Diocesan News

Bishop Conley to open Year for Consecrated Life Nov. 23

Update: Photos from the opening Mass are posted in the Picture Gallery.

Story by S.L. Hansen

(SNR) - Pope Francis has announced the Year for Consecrated Life, which will continue through 2015.

In the Diocese of Lincoln, plans are being made to encourage all Catholics to celebrate God’s calling to be set apart for Christ and His Church.

In the official announcement from the Vatican, Cardinal João Braz De Aviz, prefect of the Congregation for Institutes of Consecrated Life and Societies of Apostolic Life, said the goal of this observance is to “make a grateful remembrance of the recent past… embrace the future with hope,” and “live the present with passion.”

He added that women and men religious find their hope in the Lord, an example that can lead all Catholics into a deeper trust of Christ.

“In Him,” Cardinal Braz de Avis said, “no one can rob us of our hope.”

Sister Rosaria, C.M.R.M., said the Year for Consecrated Life is a great thing for her and her community, which will celebrate the 60th jubilee of the founding of their congregation in November 2015.

“This is a wonderful opportunity for each one of us to renew our charism, which is the evangelical spiritual childhood,” she said.

As major superior, she is having her sisters gather to study the history of the congregation, and discuss their community’s vision for the future.

“We really appreciate Pope Francis having this year,” she said.

Father Gary Coulter, co-vicar for religious along with Father Craig Doty, has met with a committee including Sister Cecilia Ann, M.S.; Sister Marie Jacqueline, C.K.; Sister Rosaria; communications director JD Flynn; and Cathy Bender of the Southern Nebraska Register.

Together, the group has created an impressive list of activities for schools and parishes. 

It all begins with an opening Mass Sunday, Nov. 23 at the Cathedral of the Risen Christ in Lincoln. Celebrated by Bishop James D. Conley, the Mass will begin at 3 p.m.

At a reception afterward, hosted by the Serra Club, each religious community will have a booth where guests can learn more about them, their charisms and their apostolates.

Bishop Conley has asked parishes to preach about the consecrated life at least once during the year. Parishes are also asked to include special petitions for consecrated religious during the General Intercessions at every Sunday Mass.

The United States Conference of Catholic Bishops (USCCB) has created a prayer that families, schools and parish groups can pray throughout the year.

Father Doty, who is also pastor of St. Wenceslaus Parish in Wilber and St. Joseph in Tobias, said this Year for Consecrated Life is an opportunity for all Catholics to grow in their appreciation for our consecrated religious, as well as to deepen our understanding of what awaits us in Heaven.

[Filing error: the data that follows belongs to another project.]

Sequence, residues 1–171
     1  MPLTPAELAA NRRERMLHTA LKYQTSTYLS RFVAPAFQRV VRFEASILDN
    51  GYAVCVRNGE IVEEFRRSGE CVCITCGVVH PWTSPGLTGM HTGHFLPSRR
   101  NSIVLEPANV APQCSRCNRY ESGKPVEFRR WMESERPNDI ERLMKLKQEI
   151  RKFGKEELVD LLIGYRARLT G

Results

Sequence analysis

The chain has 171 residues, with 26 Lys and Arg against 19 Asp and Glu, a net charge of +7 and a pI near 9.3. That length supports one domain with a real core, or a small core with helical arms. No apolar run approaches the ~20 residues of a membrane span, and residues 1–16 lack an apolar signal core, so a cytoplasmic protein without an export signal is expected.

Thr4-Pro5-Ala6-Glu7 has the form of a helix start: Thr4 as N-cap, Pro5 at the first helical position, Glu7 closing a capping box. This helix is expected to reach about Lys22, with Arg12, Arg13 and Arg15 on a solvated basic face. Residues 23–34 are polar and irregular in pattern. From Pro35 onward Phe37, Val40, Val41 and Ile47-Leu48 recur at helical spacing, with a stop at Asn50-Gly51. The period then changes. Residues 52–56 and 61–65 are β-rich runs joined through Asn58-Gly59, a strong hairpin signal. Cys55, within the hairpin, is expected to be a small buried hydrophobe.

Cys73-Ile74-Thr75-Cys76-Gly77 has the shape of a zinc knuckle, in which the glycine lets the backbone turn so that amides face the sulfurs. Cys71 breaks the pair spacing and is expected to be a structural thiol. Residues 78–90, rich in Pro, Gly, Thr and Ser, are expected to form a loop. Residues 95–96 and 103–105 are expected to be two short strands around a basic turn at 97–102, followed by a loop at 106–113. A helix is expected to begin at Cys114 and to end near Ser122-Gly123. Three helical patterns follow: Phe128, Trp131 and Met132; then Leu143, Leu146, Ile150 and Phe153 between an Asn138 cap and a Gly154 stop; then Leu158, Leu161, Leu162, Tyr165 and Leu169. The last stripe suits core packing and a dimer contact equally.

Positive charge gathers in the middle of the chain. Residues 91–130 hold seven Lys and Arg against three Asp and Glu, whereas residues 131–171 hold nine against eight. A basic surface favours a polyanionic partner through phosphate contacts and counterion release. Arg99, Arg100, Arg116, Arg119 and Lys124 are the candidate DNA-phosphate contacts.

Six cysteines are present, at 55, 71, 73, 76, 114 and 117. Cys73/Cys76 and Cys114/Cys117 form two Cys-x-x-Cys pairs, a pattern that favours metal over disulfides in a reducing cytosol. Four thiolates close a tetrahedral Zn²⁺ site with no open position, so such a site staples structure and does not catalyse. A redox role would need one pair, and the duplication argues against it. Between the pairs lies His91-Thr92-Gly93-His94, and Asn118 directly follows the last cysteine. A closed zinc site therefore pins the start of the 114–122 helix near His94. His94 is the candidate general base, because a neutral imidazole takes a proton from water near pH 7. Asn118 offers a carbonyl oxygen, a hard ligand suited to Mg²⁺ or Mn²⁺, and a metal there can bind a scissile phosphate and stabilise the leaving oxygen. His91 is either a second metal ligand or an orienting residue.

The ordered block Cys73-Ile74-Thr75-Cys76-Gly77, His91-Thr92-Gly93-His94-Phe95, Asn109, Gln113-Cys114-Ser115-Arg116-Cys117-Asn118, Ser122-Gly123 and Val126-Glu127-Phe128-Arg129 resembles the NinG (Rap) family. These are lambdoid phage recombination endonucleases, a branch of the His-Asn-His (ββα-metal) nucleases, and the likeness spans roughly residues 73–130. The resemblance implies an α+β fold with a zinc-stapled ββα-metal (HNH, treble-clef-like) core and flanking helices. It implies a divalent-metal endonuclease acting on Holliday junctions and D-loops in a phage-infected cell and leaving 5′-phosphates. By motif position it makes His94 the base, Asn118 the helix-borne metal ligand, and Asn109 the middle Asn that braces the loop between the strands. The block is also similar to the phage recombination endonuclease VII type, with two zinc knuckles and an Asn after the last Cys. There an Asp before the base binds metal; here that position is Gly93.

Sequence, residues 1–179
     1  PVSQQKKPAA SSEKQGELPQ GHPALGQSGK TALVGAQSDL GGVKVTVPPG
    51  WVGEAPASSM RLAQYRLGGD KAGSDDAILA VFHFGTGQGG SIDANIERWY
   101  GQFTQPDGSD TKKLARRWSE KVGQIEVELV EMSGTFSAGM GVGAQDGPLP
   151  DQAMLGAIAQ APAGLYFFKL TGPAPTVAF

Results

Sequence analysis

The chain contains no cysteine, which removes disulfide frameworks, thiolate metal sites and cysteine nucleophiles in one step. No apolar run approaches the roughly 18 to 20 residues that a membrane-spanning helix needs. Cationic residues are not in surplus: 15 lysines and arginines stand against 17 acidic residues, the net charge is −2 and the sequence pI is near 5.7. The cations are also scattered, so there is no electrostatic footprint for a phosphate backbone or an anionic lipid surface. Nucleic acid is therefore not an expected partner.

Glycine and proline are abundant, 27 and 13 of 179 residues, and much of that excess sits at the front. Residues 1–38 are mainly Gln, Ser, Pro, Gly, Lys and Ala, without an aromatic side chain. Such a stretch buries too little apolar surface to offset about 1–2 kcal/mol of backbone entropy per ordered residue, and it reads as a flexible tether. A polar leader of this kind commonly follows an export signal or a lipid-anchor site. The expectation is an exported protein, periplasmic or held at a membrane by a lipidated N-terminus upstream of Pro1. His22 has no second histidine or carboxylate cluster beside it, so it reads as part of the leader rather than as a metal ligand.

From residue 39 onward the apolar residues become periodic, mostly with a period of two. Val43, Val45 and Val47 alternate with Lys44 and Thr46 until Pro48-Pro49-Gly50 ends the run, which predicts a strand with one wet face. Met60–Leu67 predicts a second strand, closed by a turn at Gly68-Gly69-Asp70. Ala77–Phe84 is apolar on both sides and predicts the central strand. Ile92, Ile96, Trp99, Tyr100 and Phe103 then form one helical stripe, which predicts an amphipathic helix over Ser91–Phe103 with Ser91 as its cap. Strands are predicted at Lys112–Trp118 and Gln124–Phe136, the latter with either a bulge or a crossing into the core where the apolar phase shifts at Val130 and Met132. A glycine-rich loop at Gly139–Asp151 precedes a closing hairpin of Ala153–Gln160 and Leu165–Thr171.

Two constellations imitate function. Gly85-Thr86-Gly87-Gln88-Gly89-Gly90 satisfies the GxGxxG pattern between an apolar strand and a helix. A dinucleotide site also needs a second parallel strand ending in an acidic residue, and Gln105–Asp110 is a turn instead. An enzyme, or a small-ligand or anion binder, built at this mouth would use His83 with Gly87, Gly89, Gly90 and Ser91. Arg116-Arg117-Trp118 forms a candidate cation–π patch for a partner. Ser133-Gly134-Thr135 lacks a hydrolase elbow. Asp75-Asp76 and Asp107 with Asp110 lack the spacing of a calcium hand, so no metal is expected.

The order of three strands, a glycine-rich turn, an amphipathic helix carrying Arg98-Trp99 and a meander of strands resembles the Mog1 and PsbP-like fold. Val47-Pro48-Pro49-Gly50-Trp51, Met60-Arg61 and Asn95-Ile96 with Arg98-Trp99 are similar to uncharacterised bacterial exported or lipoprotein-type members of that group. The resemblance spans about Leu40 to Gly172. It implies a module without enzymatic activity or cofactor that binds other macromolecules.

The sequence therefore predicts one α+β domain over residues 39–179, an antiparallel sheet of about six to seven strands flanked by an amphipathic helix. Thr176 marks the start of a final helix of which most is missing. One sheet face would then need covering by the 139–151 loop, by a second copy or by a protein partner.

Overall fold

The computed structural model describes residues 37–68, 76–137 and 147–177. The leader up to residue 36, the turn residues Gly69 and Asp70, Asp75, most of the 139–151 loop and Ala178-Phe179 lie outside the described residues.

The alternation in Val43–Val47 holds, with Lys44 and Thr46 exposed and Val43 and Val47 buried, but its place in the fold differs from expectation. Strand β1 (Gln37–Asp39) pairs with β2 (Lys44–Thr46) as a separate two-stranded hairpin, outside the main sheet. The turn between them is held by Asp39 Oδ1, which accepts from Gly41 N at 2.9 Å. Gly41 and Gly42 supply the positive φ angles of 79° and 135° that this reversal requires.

“We’re all called to holiness and we’re all created for heaven,” he reasoned. “Seeing these individuals who have dedicated themselves totally to Christ on earth, a sign of that total, definitive and complete union with Christ in heaven.”

He continued, “Especially, their embrace of the evangelical counsels of poverty, chastity and obedience reminds us that this total commitment to God brings joy… This total giving of self helps a person to shed the obstacles to a deeper relationship with Christ.”

There will be many meaningful and creative ways for Catholics throughout the diocese to observe the Year for Consecrated Life.
The diocesan committee has developed a whole list of opportunities, from inviting religious to speak to parish groups and schools, to the “Adopt a Community” program, to showing movies that celebrate religious life. These can be found at www.LincolnDiocese.org/YCL.

There are special activities planned that are appropriate for schools and families as well. For example, Bishop Conley has designated various pilgrimage sites for the Year for Consecrated Life. Children can clip the passport (found at the top corner of the Nov. 14 Southern Nebraska Register) and record their visit to each site to mark their journeys.

“It’s very important for young people to have interaction with those who are in consecrated life,” Father Doty stated. The passport program and other activities “are all very important opportunities, especially for children who are not enrolled in Catholic schools.”

All of the religious communities in the diocese, including those of women religious and the Priestly Fraternity of Saint Peter, a society of apostolic life, are encompassed in the program, giving parents, teachers and pastors the opportunity to introduce both boys and girls to the concept of consecrated life.

Father Doty hopes that many people will take the time to visit the cloistered sisters in the diocese: the Carmelite Sisters and the Sister Servants of the Holy Spirit of Perpetual Adoration (Pink Sisters).

“Any one who has ever visited the Carmelites in Agnew or the Pink Sisters in Lincoln can testify that this radical, voluntary separation of oneself from the outside life does in fact lead to joy,” Father Doty said. “They are a very powerful and much-needed sign in the world today of a more radical separation for the world and total gift of self to God.”

Visit www.LincolnDiocese.org/YCL for more information.

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